New Japan kicked off their final tour of the year on Saturday morning – as the World Tag League got underway at Korakuen Hall!
We’ve barely spoken of the tournament this year, but the blocks for it are somewhat interesting, with none of the names involved in big matches at WrestleKingdom being involved. On paper, that blows the field wide open, as we’re not having those block matches where you’re judging “who should win” versus “who’d benefit from it more”. Anyway, due to the continued recovery of Tomoaki Honma, we’ll not be seeing a three-peat for the GBH pairing of Honma and Togi Makabe – but these are the blocks involved this year:
Block A: Hiroyoshi Tenzan & Satoshi Kojima; Yuji Nagata & Manabu Nakanishi; “Death Juice” (Juice Robinson & Sami Callihan); Hirooki Goto & YOSHI-HASHI; Bullet Club (Bad Luck Fale & Chase Owens); Bullet Club (Hangman Page & Yujiro Takahashi); Suzuki-gun (Minoru Suzuki & Takashi Iizuka); Los Ingobernables de Japon (EVIL & SANADA)
Block B: Togi Makabe & Henare; Michael Elgin & Jeff Cobb; David Finlay & Katsuya Kitamura; War Machine (Hanson & Raymond Rowe); Tomohiro Ishii & Toru Yano; Beretta & Chuckie T; Guerrillas of Destiny (Tama Tonga & Tanga Loa); Killer Elite Squad (Lance Archer & Davey Boy Smith Jr.)
The winners of World Tag League will likely get a shot at the current IWGP tag team champions – unless the KES go all the way. This first night of the tournament only included two block A matches, and a lot of that Korakuen staple: undercard tags!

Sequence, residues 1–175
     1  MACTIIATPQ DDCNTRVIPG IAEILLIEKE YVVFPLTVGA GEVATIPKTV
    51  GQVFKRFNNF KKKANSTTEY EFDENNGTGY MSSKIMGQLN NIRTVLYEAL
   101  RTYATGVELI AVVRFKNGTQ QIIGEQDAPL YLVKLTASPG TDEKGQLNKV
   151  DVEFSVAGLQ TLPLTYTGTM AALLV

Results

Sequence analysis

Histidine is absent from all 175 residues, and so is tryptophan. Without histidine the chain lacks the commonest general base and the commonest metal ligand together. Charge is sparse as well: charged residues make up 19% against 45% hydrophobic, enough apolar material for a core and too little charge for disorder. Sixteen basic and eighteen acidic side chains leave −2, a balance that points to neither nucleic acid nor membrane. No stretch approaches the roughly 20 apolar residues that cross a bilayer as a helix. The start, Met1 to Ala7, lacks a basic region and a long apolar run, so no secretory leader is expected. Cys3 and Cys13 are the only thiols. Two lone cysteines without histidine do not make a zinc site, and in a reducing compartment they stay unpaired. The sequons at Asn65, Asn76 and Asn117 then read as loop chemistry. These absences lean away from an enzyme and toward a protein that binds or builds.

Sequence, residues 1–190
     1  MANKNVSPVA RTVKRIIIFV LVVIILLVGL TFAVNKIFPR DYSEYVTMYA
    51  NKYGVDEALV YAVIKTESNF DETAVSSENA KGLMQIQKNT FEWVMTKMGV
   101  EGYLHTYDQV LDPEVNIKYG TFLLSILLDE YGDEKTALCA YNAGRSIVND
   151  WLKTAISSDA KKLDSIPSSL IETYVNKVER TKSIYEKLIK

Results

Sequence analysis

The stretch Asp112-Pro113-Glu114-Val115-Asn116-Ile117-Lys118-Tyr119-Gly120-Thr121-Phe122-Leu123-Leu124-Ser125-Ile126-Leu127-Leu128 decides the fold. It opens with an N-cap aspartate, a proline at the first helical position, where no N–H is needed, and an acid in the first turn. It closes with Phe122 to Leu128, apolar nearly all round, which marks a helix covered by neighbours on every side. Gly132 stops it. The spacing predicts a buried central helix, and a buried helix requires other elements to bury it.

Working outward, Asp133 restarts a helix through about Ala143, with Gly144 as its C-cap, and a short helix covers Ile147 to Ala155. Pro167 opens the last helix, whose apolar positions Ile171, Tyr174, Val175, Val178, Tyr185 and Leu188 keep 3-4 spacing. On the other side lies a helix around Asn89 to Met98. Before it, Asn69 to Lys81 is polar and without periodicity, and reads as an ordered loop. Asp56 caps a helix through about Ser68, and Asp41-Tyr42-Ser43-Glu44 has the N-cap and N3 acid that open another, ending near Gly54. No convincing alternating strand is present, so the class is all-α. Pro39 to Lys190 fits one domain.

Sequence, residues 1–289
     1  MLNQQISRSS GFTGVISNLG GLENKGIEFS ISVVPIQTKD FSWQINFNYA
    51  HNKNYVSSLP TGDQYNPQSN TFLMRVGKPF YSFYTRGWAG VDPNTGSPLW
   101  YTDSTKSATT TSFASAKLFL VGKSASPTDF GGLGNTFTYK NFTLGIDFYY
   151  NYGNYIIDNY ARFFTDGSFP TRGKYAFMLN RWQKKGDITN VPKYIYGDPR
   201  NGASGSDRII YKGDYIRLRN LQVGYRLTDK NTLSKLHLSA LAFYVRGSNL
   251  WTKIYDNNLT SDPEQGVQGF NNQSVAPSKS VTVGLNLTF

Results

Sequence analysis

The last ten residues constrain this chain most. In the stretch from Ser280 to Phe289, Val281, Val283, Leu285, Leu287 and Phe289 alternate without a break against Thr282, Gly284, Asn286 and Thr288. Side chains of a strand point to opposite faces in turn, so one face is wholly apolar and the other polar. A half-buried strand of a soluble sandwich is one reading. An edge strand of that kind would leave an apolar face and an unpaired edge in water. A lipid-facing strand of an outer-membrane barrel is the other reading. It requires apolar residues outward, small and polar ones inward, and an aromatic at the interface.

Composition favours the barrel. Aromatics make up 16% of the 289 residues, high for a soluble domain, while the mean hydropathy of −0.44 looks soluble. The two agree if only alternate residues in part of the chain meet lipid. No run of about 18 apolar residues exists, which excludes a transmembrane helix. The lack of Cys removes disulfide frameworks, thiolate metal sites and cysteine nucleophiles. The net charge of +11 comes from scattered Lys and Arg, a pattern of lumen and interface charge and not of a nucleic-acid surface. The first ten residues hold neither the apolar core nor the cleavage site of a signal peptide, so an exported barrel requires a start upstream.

Tetsuhiro Yagi & Ren Narita vs. Hirai Kawato & Shota Umino
I’ve not yet seen Thursday’s Lion’s Gate Project show, but my God, Narita is bulking up. Three quarters of this match have yet to get a point in the Young Lion Cup, so there was a lot to prove, as they seemed to be fighting just to start the match.
Umino looked impressive to get us underway, wrenching away with a camel clutch on Yagi, before things quickly degenerated into overhanded chops. Narita manages to get the tag in and hiptoss Umino for a near-fall, followed by a Boston crab for the obligatory rope break. Tags take us to Yagi against Kawato, giving us the usual plucky fire from Hirai, ending when his Boston crab was easily kicked away. Still, Kawato’s streets ahead of the rest of these guys, so it was no surprise when he blasted Yagi with a roundhouse enziguiri for the rather nonchalant pin. Basic Young Lions fare here – but the right pairing won out. **¼